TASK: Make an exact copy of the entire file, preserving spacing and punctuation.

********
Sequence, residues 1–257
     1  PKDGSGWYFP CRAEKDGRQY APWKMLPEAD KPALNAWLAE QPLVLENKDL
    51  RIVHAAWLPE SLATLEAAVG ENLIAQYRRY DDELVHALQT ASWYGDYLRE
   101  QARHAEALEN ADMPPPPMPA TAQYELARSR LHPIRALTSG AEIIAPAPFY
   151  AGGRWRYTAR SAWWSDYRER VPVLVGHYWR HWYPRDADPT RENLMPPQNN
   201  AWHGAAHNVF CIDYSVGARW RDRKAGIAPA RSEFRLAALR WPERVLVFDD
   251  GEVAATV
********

Sequence, residues 1–257
     1  PKDGSGWYFP CRAEKDGRQY APWKMLPEAD KPALNAWLAE QPLVLENKDL
    51  RIVHAAWLPE SLATLEAAVG ENLIAQYRRY DDELVHALQT ASWYGDYLRE
   101  QARHAEALEN ADMPPPPMPA TAQYELARSR LHPIRALTSG AEIIAPAPFY
   151  AGGRWRYTAR SAWWSDYRER VPVLVGHYWR HWYPRDADPT RENLMPPQNN
   201  AWHGAAHNVF CIDYSVGARW RDRKAGIAPA RSEFRLAALR WPERVLVFDD
   251  GEVAATV